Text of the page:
You should be holding one arm toward your hilltop while in a Powerslide. Then, when you’re finished, yank this same arm firmly toward your chest. Whatever direction your upper body rotates, your legs will turn in the opposite direction.
- POWERSLIDES: PRE-CARVING TECHNIQUE
When performing any skateboard trick, you need pay close attention to the position of your feet. Your feet should be squarely over the trucks during a Heelside Powerslide, and your heels should be hanging off the board’s edge. The correct foot location for a Toeside Powerslide is to have your back foot at the tail base, just behind the bolts, and your front foot resting over the front truck.
Breaking traction is the second-most difficult component of a powerslide, but repositioning the board pointed forward is the most difficult.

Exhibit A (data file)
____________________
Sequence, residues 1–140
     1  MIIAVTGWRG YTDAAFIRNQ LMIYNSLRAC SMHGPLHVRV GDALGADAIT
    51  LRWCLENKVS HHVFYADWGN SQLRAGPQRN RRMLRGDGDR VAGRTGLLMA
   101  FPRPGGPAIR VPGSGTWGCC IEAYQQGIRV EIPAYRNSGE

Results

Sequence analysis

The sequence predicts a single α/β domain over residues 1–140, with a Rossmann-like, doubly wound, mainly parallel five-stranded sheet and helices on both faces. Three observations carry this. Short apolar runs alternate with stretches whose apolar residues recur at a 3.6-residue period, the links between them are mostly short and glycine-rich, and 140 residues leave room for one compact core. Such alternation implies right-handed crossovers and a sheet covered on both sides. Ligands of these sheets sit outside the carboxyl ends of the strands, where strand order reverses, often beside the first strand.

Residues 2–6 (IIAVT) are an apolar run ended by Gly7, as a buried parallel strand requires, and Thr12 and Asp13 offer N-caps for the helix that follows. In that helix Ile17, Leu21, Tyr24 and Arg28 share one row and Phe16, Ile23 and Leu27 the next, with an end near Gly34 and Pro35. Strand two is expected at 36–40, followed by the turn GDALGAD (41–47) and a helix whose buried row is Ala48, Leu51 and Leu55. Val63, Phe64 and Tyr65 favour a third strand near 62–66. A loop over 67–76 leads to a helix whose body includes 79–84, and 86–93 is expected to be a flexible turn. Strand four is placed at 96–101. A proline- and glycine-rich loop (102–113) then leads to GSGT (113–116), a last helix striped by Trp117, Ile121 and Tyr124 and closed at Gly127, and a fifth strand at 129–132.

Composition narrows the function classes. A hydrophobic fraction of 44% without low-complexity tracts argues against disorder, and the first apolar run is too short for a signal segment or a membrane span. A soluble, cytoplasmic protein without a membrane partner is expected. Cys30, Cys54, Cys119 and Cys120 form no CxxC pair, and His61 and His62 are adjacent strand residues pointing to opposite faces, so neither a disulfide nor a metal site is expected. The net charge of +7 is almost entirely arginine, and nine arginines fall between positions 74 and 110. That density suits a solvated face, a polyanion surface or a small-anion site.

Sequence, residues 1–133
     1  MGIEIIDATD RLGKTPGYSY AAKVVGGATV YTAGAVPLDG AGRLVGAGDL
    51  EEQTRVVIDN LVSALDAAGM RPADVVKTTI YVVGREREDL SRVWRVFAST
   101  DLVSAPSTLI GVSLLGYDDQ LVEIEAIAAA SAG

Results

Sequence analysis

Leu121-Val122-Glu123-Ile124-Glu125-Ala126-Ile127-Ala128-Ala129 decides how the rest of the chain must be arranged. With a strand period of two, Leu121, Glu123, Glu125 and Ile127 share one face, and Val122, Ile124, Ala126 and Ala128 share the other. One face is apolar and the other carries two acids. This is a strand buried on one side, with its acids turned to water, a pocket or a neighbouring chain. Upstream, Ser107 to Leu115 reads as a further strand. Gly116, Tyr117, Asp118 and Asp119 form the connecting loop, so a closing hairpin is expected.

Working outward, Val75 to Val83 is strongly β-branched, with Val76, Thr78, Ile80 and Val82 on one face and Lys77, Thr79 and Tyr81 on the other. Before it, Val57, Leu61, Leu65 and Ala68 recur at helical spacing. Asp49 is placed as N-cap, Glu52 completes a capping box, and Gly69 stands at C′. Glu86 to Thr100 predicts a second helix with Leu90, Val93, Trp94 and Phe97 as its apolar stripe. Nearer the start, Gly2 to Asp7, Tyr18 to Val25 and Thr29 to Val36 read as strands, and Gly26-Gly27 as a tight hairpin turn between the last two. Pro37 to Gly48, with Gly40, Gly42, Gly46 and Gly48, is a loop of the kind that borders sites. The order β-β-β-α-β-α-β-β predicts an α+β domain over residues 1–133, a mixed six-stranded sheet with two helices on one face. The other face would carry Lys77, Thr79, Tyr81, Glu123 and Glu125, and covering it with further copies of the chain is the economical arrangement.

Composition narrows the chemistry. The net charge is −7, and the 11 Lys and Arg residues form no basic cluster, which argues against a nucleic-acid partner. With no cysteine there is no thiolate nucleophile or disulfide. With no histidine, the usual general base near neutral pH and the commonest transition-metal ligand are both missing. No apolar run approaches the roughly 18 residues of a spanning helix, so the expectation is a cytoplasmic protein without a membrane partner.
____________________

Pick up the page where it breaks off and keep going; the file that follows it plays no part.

To break traction on your wheels, hold the turn while extending your back leg sideways; this is known as the ‘pre-carving’ maneuver. When returning the board to the center, pivot it on the rear truck and draw the board’s front beneath your feet.
Many techniques are shared between the Powerslides and the 180s. Your foot position, as well as “gangster arms,” “pre-carving,” and pivoting, remain constant. Only this time, instead of pulling your front vehicle back in front, you slide it behind you to the side.
One technique we haven’t covered yet is a three-part motion that involves bending the legs, extending the body, and bending again.
It’s critical to think of these three stages as a one continuous action with no breaks in between. Some people call it the ‘deweighting technique.’ The goal of the three-part movement is to momentarily lower your board’s load and allow it to slide more readily. Remember that de-weighting is equally important for Powerslides and 180s.
After 180 cruiser tricks, you’ll surely end up going backward, or switching as we call it. So, practicing switch riding can help you prepare for landing the 180 and avoid panicking shortly thereafter. To generate one combined motion, you must combine all of these elements: